Building Uncle Robot
This is an article for my muggle friends, to describe how I built my twitter bot, uncle robot.
How does it write tweets?
In 2015, I created a language called ‘Paprika’ which is useful for generating random arrangements of language. How do you just ‘create a language’? Well, I wrote a program (which runs on a web server) and it reads text files and expects them to fit this certain format I designed. These are ‘grammar’ files, and they basically work like mad-libs, if you’ve ever tried one of those. A dead simple (and fairly boring) grammar could be:
* animal cat rat dog * animal ability flying underwater laser * animal phrase check out my [animal ability] [animal]
I could then call upon Paprika to give me an
[animal phrase] and it would generate something like ‘check out my flying rat’ or ‘check out my laser dog’. More options leads to more variety.
Over two years, for funsies, I built up more than 60 different templates in the vein of ‘animal phrase’ (which in turn call on hundreds of other definitions) to generate hopefully “funny” non-sequiturs. And it would be a shame for all this literary work and thesaurus use to go to waste, so I made a twitter bot.
How does it post tweets?
As mentioned above, the Paprika program runs on a web server. There is a bit of this program called an API (a web address which replies with data instead of a web page) to which I can send a grammar request, and it will fill in the blanks, or “resolve” the request and return the finished product. I have crafted the grammars so that basically I ask it for a
[tweet] and it picks at random from the 60+ aforementioned templates, randomises all the funny bits, and responds with a tweet in plain text.
I use a service called Microsoft Flow to do a simple 2-step process: Ask the Paprika service for a tweet - Post it to the @RoboUncle account. Flow is authorised for this twitter account like HootSuite or any other application you would give permission to use your account. It’s configured to run this process every 10.5 hours currently (to sweep a few different timezones every week). If it tweeted too regularly, the templates would get too obvious.
How does it interact?
If you are a twitter employee, you have reached the end of this article. There is nothing more to read here, thanks for visiting
So, I didn’t know this to begin with, but I also wrote some features for uncle robot which turned out to be in breach of twitter’s conditions of use. I have since turned the most objectionable of these features off. But when it went live, the toolkit I call “follower stats” (a slight misnomer) had the following abilities:
- Follow-back anyone who is following me whom I do not currently follow (every 2-3 hours)
- Pick a follower at random. Follow any of their followers who are in a follower defecit and are not in my list of exiles - limited to 10 new people (every 3-4 hours)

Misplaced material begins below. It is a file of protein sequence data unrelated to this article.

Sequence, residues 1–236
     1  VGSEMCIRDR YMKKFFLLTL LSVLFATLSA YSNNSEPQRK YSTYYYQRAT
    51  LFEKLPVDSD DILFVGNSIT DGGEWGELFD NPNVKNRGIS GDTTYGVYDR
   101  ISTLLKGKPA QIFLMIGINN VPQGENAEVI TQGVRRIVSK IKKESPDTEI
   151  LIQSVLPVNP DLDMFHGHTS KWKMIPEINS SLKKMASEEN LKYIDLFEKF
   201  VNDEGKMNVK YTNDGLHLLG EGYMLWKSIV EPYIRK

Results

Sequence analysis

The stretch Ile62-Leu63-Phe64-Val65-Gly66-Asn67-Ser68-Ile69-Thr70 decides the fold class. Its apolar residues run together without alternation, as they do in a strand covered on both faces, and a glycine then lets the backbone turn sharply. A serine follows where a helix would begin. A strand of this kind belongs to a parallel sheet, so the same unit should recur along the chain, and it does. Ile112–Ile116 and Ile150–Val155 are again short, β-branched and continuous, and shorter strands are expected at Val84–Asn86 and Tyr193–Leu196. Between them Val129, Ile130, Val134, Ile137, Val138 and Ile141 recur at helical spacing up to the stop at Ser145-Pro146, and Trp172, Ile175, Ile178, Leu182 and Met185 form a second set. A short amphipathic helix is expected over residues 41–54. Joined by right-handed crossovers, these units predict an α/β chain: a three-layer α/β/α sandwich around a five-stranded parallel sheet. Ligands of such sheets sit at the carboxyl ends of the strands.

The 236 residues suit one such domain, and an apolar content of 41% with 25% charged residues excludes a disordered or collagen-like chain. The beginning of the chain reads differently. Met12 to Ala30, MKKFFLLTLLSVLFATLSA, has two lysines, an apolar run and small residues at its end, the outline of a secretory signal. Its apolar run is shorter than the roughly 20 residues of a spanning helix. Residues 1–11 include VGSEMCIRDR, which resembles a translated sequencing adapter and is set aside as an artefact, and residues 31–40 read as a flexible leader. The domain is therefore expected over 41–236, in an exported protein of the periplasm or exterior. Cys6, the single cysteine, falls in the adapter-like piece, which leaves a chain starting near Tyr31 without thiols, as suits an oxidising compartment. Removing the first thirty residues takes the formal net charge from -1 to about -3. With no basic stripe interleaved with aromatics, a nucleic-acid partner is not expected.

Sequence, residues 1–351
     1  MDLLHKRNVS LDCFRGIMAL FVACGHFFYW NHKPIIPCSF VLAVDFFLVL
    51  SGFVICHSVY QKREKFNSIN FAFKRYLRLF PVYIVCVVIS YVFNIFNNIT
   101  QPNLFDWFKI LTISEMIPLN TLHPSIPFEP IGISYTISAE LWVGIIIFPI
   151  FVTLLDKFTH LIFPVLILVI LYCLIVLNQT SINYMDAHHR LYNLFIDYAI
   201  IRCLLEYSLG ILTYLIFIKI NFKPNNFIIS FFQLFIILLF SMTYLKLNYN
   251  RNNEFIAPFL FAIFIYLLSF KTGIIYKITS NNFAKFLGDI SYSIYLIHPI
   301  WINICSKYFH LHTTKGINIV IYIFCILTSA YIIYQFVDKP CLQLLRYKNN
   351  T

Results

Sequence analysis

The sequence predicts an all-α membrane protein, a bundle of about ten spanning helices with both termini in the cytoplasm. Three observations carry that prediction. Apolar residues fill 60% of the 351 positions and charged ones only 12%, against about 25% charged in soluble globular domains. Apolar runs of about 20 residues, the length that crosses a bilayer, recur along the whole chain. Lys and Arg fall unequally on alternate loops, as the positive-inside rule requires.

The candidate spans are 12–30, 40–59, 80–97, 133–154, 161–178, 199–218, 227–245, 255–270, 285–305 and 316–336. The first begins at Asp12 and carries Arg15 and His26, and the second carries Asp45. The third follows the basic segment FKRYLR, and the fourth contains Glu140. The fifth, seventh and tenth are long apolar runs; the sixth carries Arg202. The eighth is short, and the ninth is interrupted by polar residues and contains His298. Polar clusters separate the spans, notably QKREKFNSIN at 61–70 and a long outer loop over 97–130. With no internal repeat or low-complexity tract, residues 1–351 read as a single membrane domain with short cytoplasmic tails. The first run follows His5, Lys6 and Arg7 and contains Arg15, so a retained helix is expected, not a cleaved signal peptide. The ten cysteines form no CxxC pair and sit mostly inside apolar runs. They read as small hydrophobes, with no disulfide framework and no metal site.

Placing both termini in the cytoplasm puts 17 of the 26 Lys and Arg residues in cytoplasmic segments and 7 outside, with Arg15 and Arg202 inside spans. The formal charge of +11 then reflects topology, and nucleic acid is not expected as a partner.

- Pick 100 people who I follow, but who were not following me 24 hours ago, and are still not following me, and unfollow them (every 24 hours)
These are also API endpoints which I can schedule to run from Microsoft Flow, which ran them on the schedules listed above. I intended to carry out all of these tasks in a very responsible way, recording to a text file anyone who the bot had unfollowed so that it would never bother them with a follow request/notification ever again but despite this, use of the toolkit resulted in uncle being temporarily locked until I cleared his name by logging into web twitter with that account.
At that point I switched off the unfollow script and have not switched it back on since. I also turned down the schedules and limits on the other jobs, and these combined measures have done the trick - he hasn’t been locked out again.
Due to his choice of who to follow, the follow-back rates are very good and this is why the bot has comparatively many followers. A huge proportion of these are in the middle east and india, which I attribute to:
- Large base of twitter newbies in these territories means the bot is more likely to select them because they follow more accounts than follow them (this is what I call a follower defecit)
- Snowball effect - the algorithm gets hooked into a given territory by following followers of its followers
I would really like to be able to make it very easy for anyone to set up with these tools but that’s not possible right at the moment. You can play with Paprika in your browser and it comes pre-loaded with all of my grammars (I should do something about this so that people can write their own…) and if you’re the developer type, you can clone it from GitHub and host your own instance with your own grammars.
There is also a .Net version of Paprika which I am interested to make into a Logic App so that it can be neatly integrated with Microsoft Flow and eventually replace the PHP version above.
Anyway, thanks for reading! Be inspired, be silly, or don’t.